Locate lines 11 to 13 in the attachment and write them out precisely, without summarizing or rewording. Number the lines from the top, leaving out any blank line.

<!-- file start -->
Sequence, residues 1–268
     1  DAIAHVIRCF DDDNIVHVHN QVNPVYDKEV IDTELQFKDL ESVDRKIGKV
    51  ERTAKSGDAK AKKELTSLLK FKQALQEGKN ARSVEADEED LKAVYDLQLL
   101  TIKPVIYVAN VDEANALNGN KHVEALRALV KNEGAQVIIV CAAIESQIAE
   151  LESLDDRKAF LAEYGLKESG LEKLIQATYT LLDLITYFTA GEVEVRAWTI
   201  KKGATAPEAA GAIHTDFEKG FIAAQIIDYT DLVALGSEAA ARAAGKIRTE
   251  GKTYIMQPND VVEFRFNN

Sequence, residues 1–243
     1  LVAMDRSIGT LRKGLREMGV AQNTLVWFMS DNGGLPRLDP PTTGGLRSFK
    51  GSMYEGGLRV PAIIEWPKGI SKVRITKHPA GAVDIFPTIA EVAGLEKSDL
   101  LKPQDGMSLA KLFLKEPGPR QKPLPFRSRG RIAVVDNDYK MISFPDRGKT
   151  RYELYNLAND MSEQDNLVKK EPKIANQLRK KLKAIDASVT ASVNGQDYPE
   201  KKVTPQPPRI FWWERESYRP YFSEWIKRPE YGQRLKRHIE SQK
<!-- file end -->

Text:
   101  LKPQDGMSLA KLFLKEPGPR QKPLPFRSRG RIAVVDNDYK MISFPDRGKT
   151  RYELYNLAND MSEQDNLVKK EPKIANQLRK KLKAIDASVT ASVNGQDYPE
   201  KKVTPQPPRI FWWERESYRP YFSEWIKRPE YGQRLKRHIE SQK